Just before Christmas I scanned a heap of old family photos, including many black and white ones containing my parents and grandparents when they were young. A number of these very precious photos were in need of some restoration, so after scanning I began cleaning them up in Photoshop CS. I was curious to see how effective it might be to hand-colour them in.
Although I spent a considerable amount of time finishing the example image below, I did an initial “rough draft” of this image in about 15 minutes that looked 90% as good.
The thing I particularly like about it is that it not only looks like a “real” hand-tinted photograph, but the technique is actually quite similar to that used with photographic paints (apart from having the benefits of zoom and undo). While I’m using a black and white photo of my grandparents’ wedding day back in 1944, you could also use any coloured image, desaturated it, and follow the same process to provide a unique look.
Firstly, open the image in Photoshop and perform any initial restoration tasks you intend to do, such as enhancing contrast, noise reduction, dust and scratch removal, healing blemishes or generally cleaning things up until you have a nice clear, clean black-and-white (or sepia) image, such as that shown below.
Next, duplicate the current layer by selecting the Background layer in the Layers window (on the right hand side), and then Choosing “Duplicate Layer…” the “Layer” menu. When prompted for a name for the new layer, enter something descriptive such as “Colouring Layer” to indicate that this layer adds the colour to your image.
Select the new layer, and set its mode to “Color” and opacity to “70%” using the drop-down controls that appear in the Layers window (circled on the right-hand side in the screenshot below).
To start colouring, select the “Brush” tool from the toolbox as shown on the left-hand side of the window, ensuring the Brush mode is also set to “Color” (refer to top of screenshot above). Finally, choose the colour you wish to start tinting with. With this particular image, I will start with some skin-tones.
You will notice the image becoming tinted as you paint over the image with the brush. Adjust the brush settings (size, soft edge, opacity, etc.) to achieve various effects such as softly merging colours or giving sharp edges where appropriate. This screenshot below shows the result of tinting the bride’s face with a single colour. You can begin to see the effect, but it needs more work. I prefer to fill in the large areas with roughly the correct tint first, and then go over it in more detail afterwards.
Now I start to fill in the features of the face below; applying red lipstick, brown hair, making the eyes green with white around them, and white teeth. It is important to note that skin-tones are generally not one uniform colour. I have found that with Caucasian people, the skin seems to often get redder as it goes into shadow and more yellow around highlighted areas. Also, certain areas such as cheeks and lips are naturally pinker than, say, the forehead. You may also want to “apply makeup” if you think it is appropriate (in the example below, I have applied lipstick and perhaps a little blush).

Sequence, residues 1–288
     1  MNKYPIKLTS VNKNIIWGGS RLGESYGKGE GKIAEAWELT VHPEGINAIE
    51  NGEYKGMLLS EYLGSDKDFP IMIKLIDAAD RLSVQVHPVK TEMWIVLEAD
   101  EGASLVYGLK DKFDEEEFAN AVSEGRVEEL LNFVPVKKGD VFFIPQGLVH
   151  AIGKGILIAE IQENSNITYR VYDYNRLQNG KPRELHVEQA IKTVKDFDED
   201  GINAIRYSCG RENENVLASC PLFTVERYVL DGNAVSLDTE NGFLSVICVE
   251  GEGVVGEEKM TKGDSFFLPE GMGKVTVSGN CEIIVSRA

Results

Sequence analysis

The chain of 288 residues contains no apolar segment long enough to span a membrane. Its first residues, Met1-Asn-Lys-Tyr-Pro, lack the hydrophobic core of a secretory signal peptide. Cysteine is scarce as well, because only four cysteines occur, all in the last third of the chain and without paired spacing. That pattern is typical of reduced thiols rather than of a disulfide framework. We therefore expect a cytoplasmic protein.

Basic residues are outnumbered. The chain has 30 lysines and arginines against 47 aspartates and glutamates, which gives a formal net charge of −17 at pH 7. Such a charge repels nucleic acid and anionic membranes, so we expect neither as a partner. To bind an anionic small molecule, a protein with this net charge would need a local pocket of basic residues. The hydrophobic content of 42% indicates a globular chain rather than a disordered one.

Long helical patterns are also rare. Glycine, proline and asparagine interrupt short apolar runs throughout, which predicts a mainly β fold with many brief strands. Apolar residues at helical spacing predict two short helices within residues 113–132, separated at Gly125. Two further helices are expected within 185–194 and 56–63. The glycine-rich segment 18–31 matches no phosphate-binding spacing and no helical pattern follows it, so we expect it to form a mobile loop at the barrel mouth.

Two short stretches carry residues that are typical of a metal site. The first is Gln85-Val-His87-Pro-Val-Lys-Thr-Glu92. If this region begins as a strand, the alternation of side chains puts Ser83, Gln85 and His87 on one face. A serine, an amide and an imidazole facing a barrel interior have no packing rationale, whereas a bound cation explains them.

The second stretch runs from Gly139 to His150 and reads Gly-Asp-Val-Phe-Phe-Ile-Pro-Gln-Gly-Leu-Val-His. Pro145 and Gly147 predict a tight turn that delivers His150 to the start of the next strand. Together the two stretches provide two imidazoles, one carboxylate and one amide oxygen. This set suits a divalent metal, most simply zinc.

That’s basically the technique. Simply keep going with appropriate colours throughout the image, and your eyes will tell you what works and what doesn’t. If you are working on an “important” photo, I think it is well worth doing a bit of behind-the-scenes research to get the colours exactly right.With this project, I searched the web for images of the WW2 New Zealand Air Force uniform to get the colours of my grandfather’s uniform correct (don’t forget the badges, shirt, tie, etc) and also found out what flowers my grandmother had in her bouquet on her wedding day. When I showed the finished photo to my grandmother, she immediately noticed both of these details and was very happy that I had taken the time to make sure they were correct.
Below is another screenshot showing the “Colouring Layer” at full 100% opacity (instead of the 70% we initially set it to). This simply highlights and illustrates the variations in colour I used when painting the skin-tones, and shows the “real” colours I picked to get the end result. Depending on how saturated the colours are you are painting with, and your tastes in general, you may want to use a different opacity level for the layer.
So here is the final product. Just some parting tips:
- I find that for my own taste, I’d rather err on the side of subtlety than over-saturate the image.
- Also, adding a subtle sepia effect to the whole image helps maintain the aged character of the photo.
- As I was trying to achieve the effect of a photograph that was hand-tinted in the traditional manner, I didn’t colour the background, which also ensures that the background does not detract from the main focus of the photograph.
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This article copyright © 2005, Adrian Broughton.
The example photograph used courtesy of Peggy Lewis © 1944.
You may not reproduce these images or article without permission of the author.